Pierre Luzeau, CEO of Novacap, described his company’s acquisition as a “perfect fit” with its “strategic roadmap” of continuing to “strengthen offerings” to the pharmaceutical industry. The deal provides Novacap with a “strong and innovative platform to accelerate our development in the U.S.”
As for Price and the symbolism of the deal: “PCI started humbly, basically in a garage in 1997, in Leominster, Massachusetts.” The company was successful, “but never capitalized well enough for real growth.”
A “watershed moment” occurred in 2005, ironically, when a fire in Leominster allowed Price to “parlay” that into acquiring a new site in Newburyport. It was an opportunity to service the emerging pharma folks in the Boston/Cambridge area. “Everybody around the world was coming to Boston for business, and we were able to build our business with customers right here.”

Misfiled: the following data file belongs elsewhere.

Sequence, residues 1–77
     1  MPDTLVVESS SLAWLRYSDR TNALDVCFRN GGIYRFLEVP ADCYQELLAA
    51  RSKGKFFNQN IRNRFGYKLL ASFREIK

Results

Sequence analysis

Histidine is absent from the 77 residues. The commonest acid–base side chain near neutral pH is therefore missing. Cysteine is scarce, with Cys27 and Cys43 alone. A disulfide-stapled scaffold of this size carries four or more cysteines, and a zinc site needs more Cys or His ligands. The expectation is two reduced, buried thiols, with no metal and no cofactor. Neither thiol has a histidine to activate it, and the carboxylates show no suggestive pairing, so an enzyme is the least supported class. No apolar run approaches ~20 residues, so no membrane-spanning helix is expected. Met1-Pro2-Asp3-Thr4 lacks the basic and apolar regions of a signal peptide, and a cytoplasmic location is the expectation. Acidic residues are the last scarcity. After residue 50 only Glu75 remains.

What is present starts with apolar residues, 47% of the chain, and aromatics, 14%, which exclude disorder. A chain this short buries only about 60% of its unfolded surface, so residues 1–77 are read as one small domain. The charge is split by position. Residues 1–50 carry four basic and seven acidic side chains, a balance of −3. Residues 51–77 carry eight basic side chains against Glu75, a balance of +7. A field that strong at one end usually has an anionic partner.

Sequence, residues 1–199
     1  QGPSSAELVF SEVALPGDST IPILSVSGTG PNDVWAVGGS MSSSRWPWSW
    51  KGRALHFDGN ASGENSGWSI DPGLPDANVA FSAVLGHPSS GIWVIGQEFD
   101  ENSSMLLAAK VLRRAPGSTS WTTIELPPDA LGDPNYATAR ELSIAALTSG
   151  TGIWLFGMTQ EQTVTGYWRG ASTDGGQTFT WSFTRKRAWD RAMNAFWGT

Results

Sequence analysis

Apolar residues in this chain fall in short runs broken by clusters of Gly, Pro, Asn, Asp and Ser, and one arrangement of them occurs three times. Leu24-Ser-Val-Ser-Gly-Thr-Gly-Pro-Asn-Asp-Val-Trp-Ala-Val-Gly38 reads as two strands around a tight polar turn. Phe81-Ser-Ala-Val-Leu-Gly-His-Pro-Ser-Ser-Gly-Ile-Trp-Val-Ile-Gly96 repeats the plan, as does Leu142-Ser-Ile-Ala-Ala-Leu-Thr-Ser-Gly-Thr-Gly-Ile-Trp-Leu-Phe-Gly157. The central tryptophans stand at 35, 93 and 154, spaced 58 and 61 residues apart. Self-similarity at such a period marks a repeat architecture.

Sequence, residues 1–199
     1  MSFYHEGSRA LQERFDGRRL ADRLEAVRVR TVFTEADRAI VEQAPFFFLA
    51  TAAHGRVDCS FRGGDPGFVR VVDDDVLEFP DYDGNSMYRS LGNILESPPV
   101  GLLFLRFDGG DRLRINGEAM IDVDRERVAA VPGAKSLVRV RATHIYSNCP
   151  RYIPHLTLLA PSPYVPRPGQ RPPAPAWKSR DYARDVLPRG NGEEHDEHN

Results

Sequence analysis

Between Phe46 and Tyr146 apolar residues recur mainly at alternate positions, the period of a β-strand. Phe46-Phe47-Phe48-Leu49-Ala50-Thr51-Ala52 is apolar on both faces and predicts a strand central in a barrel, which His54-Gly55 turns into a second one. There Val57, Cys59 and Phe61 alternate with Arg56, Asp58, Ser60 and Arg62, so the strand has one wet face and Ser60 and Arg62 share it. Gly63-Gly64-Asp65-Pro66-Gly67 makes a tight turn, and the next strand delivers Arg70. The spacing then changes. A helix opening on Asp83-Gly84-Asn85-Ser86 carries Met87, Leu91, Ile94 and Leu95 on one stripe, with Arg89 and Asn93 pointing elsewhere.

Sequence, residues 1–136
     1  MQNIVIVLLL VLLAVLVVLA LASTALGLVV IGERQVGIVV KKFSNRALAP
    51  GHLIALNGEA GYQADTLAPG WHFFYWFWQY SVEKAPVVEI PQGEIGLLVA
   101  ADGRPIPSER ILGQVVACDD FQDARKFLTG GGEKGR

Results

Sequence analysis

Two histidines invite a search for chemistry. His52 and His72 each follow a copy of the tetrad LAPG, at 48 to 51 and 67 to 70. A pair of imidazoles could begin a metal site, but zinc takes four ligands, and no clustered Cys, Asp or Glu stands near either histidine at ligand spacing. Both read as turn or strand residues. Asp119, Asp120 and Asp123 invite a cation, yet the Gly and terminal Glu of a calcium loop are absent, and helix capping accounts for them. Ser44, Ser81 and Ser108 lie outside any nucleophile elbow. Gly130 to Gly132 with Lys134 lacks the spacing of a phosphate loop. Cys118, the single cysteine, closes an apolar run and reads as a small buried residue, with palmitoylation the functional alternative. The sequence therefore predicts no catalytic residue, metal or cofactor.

Price then jumps to circa 2014, when the company was “hitting our stride,” growing at annualized double digit rates, and increasing profitability.
But the world around PCI was changing.
“In parallel to what we were experiencing, I’m watching my competitors – one by one – fall away. Companies like Cambridge Major, Irix, Cederburg, Pharmacore, Ash Stevens, and J Star. They got gobbled up, either by private equity or larger CDMOs.”
According to Price, the recurring theme of all these transactions was smaller players becoming part of much larger organizations … enabling them to offer broader capabilities.
PCI’s marketing strategy had always been one of specialization. “We are a drug substance player,” is how the pitch went. “That’s all we do. We’re not distracted. If you want an expert in delivering and scaling up your drug substance, that’s our job. We’re a pure play.”